This is definitely one of the most insightful article with regards to China, a fast and growing market.AdAge reports the recent campaign by KFC in China on how they are adopting the cliche but sure-win approach of celebrity endorsements. This campaign by Ogilvy, takes celebrity endorsements onto another level. What interests me is how receptive the market in China is from their reaction to many stale marketing tactics. Using a group of five influential celebrities, the campaign aims to go for the kill through not only a collective celebrity power, but also tapping on the celebrities’ social fan base. Taking into consideration that one of the actors has a staggering 72 million followers on Weibo, it is potentially a lethal marketing cannon.
As much I believe, China is quickly becoming a very digitally savvy nation. Ogilvy Shanghai, fully aware of this rising trend, leverages on it with their digital campaign for KFC. They immediately focus on using these celebrities to advertise on engaging social media activities. One for instance, aims to motivate fans to compete against one another over the amount of “likes” for their favorite celebrities. Another very fruitful insight from AdAge talks about the fact that KFC has been one of the biggest and most successful food chain with the longest history in China, since its penetration 27 years ago. A whopping 2,600 outlets in China alone is seriously no joke. A bigger market equity than McDonalds by itself is an amazing feat.
However, as the the brand suffers a decline in operations, branding and sales due to the avian flu outbreak and health inspections, it was devoid of a good strategy to fight back. Now with more marketing campaigns and excellent strategic brand initiatives, the brand is taking back its helm.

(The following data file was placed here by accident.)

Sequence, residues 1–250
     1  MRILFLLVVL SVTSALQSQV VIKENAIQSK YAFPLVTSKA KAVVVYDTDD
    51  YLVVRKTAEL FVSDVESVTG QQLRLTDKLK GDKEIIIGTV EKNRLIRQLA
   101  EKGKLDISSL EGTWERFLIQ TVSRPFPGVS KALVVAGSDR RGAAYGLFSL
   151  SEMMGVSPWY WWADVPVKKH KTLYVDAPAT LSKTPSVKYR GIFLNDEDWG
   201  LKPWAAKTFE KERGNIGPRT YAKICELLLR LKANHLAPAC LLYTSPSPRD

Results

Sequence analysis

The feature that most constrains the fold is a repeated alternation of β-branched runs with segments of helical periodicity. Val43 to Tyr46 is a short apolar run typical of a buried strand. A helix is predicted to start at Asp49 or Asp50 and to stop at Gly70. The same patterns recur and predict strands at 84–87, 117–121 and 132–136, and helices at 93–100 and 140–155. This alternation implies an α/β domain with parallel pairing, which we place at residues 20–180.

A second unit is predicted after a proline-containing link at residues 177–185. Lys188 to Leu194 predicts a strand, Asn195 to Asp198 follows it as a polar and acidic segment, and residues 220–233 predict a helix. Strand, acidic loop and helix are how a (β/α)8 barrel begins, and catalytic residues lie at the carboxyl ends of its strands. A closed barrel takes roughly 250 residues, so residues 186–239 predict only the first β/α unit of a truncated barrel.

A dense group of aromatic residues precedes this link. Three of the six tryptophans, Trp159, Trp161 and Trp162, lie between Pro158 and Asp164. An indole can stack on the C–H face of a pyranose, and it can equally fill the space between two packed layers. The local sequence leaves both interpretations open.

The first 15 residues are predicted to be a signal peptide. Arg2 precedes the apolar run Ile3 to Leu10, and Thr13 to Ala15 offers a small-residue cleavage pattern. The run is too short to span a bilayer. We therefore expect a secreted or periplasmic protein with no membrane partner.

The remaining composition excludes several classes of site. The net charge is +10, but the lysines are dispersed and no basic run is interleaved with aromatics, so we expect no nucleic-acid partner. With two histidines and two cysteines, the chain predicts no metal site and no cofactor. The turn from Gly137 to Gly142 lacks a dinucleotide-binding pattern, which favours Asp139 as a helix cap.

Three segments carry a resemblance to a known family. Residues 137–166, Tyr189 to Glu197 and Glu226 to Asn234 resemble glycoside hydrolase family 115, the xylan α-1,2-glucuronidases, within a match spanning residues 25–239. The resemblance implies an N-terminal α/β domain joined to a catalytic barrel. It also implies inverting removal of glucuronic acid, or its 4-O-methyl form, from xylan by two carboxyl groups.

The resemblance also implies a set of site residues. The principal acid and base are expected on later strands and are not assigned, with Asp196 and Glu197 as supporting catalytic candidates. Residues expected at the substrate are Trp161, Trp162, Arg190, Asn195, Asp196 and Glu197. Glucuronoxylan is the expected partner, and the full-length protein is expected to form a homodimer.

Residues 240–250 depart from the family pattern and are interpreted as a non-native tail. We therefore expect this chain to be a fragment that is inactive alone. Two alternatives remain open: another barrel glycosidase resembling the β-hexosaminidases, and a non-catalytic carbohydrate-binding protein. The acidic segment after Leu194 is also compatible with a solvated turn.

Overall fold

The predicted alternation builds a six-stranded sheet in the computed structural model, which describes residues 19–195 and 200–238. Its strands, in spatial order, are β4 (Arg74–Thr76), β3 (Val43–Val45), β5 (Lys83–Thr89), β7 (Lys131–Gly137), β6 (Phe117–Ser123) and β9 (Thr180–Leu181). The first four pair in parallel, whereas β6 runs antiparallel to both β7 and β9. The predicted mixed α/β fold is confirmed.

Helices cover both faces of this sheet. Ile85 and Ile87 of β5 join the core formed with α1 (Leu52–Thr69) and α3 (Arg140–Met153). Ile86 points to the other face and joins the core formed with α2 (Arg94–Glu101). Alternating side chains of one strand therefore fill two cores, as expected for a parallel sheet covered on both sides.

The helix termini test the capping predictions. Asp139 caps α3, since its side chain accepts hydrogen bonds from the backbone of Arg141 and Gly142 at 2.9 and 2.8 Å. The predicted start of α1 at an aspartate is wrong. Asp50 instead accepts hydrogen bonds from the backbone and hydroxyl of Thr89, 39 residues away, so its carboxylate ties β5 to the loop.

What I believe to be extremely essential is an extract from Adage‘s article:
“Celebrities are often used as a quick and easy way to sell products in China,” acknowledged Graham Fink, Ogilvy & Mather‘s chief creative officer for greater China. He pointed out that the same celebrities are often tapped by many brands.
“I think that more and more people are beginning to see through this ‘cheap’ tactic, and the brand will ultimately suffer as a result,” he said. But if the celeb seems “genuinely involved in the message they become more believable, and this is what we are trying to do with KFC.”
A top national executive for KFC’s parent company, Yum!, noted that China is the world’s biggest digital society (with 618 million people online) and that Chinese consumers are “moving at the speed of a bullet train.”
The brand is seeking to revamp its menu and offerings every 12 months and I believe this would constantly refresh their image and presence in the eyes of the consumer. When done effectively, shall be a very deciding factor when it comes to triumphing strict competition between competitors on an industry level.
Milind Pant, president and chief operating officer for Yum! China, wrote in an email that “urban Chinese are becoming the most digital savvy group in the world, offering opportunities for brands to innovate and communicate.”
The menu revamp is part of what KFC has labeled its “restage,” which includes new product packaging, uniforms, store designs, a mobile app, an e-menu and a prepay takeout offering.
And of course, not forgetting that bigger companies comes with a heavier inertia and requires longer time to maneuver effectively.
“I think it’s very difficult to steer such a big chain in a new direction,” he said. “And it took this situation with the antibiotics to really force them into making some fairly dramatic changes … A complete revamp of the brand is a good idea.”